Day 35-36: Manuel Antonio

After we enjoyed our last breakfast at Trip On, which offered one of the best free meals we’ve had at a hostel, we headed to the bus station for our ride south to Manuel Antonio on the Pacific coast.

The ride was uneventful until we got to Quepos, the major town nearest to Manuel Antonio, and were told we needed to take a local bus the rest of the way. Our bus driver pointed out which bus to get on and paid for our fare, but then we were on our own. We knew our hostel, El Faro Beach Hostel, was close to the ocean and Manuel Antonio National Park, so we stayed on until the last stop, which seemed to be the tourist area, and luckily we were right.

We found our hostel fairly easily and then when to the beach to swim for an hour or so until the sun went down. We ran back to the hostel quickly to change before we went out to dinner.

As we walked along the main road looking for a place to eat, Elliott and I were lured into a restaurant by a kooky worker named Oscar. But it was to our benefit because we took advantage of the food and drink deals, and the sangria and shrimp and rice dish didn’t disappoint.

The next day, we woke up early to check out Manuel Antonio National Park, the most-visited park in Costa Rica. It’s home to an array of tropical plants and wildlife.

While we ventured through the rainforest at the park, we saw three-toed sloths, capuchin monkeys, black spiny iguana, green lizards, pizotes, raccoons, a white-tailed deer.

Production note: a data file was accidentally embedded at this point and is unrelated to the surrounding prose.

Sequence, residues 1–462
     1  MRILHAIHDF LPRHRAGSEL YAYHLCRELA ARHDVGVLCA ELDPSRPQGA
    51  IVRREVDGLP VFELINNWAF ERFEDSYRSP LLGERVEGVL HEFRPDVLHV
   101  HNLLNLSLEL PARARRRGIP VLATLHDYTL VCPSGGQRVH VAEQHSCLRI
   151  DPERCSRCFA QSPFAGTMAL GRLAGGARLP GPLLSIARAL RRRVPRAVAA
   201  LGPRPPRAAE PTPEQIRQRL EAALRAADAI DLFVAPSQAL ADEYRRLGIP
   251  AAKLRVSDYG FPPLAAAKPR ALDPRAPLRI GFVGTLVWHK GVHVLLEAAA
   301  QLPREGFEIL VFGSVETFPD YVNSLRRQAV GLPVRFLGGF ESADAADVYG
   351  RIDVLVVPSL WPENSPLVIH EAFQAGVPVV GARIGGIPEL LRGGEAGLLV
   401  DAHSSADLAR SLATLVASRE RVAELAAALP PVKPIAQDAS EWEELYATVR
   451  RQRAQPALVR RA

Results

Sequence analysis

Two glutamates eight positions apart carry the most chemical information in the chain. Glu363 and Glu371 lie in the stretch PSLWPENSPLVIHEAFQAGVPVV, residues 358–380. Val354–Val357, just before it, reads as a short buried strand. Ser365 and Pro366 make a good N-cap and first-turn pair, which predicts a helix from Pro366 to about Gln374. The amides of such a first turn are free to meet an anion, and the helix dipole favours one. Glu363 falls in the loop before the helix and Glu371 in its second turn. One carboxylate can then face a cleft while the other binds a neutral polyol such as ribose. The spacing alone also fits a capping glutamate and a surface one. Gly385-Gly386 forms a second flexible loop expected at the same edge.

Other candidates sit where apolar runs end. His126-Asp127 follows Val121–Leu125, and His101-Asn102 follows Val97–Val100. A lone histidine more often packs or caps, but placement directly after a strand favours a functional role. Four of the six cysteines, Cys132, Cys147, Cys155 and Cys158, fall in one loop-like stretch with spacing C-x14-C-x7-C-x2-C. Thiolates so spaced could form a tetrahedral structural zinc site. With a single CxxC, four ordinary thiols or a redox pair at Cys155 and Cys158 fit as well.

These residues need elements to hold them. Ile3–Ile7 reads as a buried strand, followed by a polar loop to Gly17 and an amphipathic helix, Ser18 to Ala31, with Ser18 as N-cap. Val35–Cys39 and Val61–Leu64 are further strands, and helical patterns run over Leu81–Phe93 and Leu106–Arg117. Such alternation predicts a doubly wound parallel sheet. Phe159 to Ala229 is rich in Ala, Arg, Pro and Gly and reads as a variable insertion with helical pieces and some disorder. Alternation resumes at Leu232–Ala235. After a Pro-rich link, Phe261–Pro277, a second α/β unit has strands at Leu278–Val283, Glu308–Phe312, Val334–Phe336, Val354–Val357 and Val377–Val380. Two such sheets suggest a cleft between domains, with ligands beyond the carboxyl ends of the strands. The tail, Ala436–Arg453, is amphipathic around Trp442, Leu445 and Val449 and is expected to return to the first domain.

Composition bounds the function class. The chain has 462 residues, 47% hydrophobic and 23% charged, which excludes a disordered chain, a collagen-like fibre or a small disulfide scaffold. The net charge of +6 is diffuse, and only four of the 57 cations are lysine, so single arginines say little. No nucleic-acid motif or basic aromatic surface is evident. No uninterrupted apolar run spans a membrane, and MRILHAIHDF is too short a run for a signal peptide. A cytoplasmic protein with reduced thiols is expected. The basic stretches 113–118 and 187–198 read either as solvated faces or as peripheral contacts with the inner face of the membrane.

The capuchin monkeys were definitely the most active animals in the park. When we first saw them at a picnic area near the beach, they were running around and jumping through the trees, so I was trying to get some really good photos. Well, I must’ve pissed off one of the monkeys –maybe because I got too close to the baby monkey — and he came at me, not really aggressively but more as a warning. I tried to back up when it swiped at me, but the monkey touched me and left a mark where its little fingers took off a layer of sunscreen and bug spray on my leg. It didn’t draw blood or anything but I was a little shaken up afterward because I’ve never had a monkey chase me before.

We encountered some more capuchin monkeys as Elliott and I were hiking through a nearby swathe of jungle. At first we were just watching them swing through the trees, minding their own business, and then a monkey family stopped right in front of us, blocking our way on the path. I started snapping photos like crazy again. But then what we presumed to be the daddy monkey started getting territorial. To avoid another monkey attack, Elliott spread out his arms to make him look bigger, and the monkeys eventually cleared out of the way so we could pass.

After the second monkey confrontation, we continued walking along the trail and ended up back at the beach, where we swam for a while, and then we watched raccoons and pizotes that were trying to steal things from people who were sleeping on the sand. We also warned a nearby couple who were about to fall victim to the thievery. 

On our way back to the park entrance, we got to hear some noisy howler monkeys, and Elliott was able to spot a couple of them high up in the trees. So that was kind of a nice treat for us before we left Manuel Antonio after spending the whole afternoon there.

Then we walked into town to get lunch at a restaurant near the beach and grabbed some ice cream on our way back to the hostel.

Elliott and I went back to the beach to play in the big waves and to watch the sun set. It ended up being the best sunset we had seen on the trip so far. I took so many photos because the colors somehow kept getting better.

When it was completely dark, we stopped by a little corner store to grab some ingredients to make dinner, and then went back to the hostel to cook rice and vegetables.

Before we called it a night, we took a dip in the pool, which we had all to ourselves because seemingly everyone had left the hostel earlier that day.

– Brie 

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